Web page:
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Home GigaSpaces GigaSpaces XAP’s WAN Gateway

GigaSpaces XAP’s WAN Gateway

In a distributed environment, if you can’t send data from one peer to another peer, you’re… not actually distributed. It’s one of the first things shown to users of distributed products, with good reason: sharing data is the whole point, right? If you can’t synchronize between peer nodes in a given cluster, you’re not really able to call it a cluster at all.

Well, that works out well if you’re on a LAN, because you have fine-grained control over network resources and routes. In addition, by definition a LAN is local, so you don’t have to deal with network travel time or other synchronization issues.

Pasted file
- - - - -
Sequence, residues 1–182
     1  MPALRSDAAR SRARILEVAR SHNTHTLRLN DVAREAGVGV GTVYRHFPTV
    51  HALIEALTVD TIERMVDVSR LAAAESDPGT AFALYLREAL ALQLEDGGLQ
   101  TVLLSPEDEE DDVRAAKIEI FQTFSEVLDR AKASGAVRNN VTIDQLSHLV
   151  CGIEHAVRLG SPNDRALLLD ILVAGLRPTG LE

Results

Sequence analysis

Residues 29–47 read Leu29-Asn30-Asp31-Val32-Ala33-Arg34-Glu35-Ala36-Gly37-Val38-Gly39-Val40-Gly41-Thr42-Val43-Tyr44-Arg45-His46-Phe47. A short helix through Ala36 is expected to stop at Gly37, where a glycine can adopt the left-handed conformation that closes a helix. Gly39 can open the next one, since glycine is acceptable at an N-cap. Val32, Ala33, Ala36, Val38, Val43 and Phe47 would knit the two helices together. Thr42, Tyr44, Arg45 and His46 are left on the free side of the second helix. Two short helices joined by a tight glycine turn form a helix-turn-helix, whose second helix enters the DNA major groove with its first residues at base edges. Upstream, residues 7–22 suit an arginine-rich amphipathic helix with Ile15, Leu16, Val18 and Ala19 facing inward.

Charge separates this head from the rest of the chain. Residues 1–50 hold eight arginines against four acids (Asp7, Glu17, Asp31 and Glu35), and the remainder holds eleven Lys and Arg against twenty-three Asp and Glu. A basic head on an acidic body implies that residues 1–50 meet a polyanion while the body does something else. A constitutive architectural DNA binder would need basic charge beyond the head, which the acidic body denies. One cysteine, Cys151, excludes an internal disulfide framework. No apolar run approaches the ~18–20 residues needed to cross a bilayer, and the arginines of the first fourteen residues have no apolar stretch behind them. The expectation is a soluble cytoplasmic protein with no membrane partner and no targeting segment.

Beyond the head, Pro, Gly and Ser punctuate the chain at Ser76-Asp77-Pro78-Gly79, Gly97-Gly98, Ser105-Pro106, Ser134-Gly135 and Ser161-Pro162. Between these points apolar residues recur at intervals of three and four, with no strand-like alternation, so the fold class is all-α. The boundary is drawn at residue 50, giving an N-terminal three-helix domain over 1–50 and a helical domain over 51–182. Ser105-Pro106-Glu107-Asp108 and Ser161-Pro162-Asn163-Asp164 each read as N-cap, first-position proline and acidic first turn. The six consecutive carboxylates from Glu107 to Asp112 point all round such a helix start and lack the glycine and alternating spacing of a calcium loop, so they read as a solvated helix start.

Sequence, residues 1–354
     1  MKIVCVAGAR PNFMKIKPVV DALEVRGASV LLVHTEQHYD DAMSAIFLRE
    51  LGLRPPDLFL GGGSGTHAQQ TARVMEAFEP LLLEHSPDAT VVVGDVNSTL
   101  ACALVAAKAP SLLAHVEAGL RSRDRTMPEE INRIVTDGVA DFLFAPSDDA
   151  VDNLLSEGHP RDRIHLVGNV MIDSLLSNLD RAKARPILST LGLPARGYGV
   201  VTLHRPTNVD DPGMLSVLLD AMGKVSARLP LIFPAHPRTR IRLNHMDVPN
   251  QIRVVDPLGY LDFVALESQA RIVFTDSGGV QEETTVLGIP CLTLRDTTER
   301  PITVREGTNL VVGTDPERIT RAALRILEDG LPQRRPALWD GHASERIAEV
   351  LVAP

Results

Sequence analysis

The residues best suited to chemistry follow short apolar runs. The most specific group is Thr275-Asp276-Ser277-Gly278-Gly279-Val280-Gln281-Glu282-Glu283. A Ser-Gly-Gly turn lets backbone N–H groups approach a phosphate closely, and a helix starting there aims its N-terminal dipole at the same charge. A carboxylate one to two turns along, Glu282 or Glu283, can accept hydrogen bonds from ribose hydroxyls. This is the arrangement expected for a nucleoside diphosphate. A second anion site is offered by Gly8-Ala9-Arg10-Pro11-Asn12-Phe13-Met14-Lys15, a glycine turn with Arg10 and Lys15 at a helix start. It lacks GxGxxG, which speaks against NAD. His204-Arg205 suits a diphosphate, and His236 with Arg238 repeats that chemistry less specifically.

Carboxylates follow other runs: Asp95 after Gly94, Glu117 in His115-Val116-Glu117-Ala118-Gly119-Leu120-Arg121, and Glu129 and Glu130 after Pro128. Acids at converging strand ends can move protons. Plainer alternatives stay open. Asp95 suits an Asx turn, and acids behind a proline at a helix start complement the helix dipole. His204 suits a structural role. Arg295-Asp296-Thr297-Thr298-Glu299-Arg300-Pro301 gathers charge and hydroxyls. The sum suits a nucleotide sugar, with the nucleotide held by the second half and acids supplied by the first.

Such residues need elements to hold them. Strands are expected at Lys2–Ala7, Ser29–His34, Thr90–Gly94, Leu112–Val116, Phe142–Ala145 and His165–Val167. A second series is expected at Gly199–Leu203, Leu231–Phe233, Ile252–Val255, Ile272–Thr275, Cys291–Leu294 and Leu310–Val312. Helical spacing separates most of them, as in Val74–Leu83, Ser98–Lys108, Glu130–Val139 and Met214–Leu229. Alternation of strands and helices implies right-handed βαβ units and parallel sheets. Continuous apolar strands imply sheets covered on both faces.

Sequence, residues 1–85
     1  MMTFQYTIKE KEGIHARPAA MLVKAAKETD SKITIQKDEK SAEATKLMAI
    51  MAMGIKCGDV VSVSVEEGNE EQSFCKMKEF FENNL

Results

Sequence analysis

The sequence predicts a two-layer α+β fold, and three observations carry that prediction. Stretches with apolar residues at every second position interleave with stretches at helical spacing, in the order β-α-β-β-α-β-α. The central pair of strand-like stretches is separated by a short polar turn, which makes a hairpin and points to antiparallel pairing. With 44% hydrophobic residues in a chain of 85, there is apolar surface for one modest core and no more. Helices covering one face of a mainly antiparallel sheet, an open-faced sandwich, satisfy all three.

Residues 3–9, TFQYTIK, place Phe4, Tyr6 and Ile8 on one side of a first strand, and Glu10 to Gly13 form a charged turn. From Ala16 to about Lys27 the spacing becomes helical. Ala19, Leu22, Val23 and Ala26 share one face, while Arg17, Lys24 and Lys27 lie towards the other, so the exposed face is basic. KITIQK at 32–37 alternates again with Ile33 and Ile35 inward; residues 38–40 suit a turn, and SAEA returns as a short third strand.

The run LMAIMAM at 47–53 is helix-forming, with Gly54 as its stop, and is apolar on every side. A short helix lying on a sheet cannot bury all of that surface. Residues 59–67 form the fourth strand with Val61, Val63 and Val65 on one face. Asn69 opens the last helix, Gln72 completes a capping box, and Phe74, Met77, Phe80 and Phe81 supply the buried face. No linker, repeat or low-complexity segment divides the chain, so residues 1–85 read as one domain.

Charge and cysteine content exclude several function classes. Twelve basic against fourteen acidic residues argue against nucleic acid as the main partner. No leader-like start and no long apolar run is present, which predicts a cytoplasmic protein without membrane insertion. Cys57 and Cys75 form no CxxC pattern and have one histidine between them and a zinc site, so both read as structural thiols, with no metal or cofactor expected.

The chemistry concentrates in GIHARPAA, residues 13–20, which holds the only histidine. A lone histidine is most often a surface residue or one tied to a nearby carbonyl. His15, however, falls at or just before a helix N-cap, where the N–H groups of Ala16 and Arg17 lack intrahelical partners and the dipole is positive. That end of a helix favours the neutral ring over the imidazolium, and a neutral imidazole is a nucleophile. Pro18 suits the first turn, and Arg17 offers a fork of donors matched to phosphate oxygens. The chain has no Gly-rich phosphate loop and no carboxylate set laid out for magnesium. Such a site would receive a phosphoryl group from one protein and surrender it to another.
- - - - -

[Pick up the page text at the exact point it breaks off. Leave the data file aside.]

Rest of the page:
GigaSpaces XAP has a feature called the WAN Gateway that addresses synchronization between peer clusters – not just peer nodes in a given cluster, but between heterogeneously-located clusters, in any fashion you choose.

How does it work?

Well, let’s look at the traditional “share data” application: you have two peers, “peer.one” and “peer.two,” in a cluster that we’ll call “cluster.one.[1]” If peer.one becomes the origin for a data item “A“, then peer.two is able to access and (presumably) modify that data item; any changes written by peer.two will be visible on peer.one. Naturally, peer.two can originate data as well, and peer.one will have the same visibility and access to that data.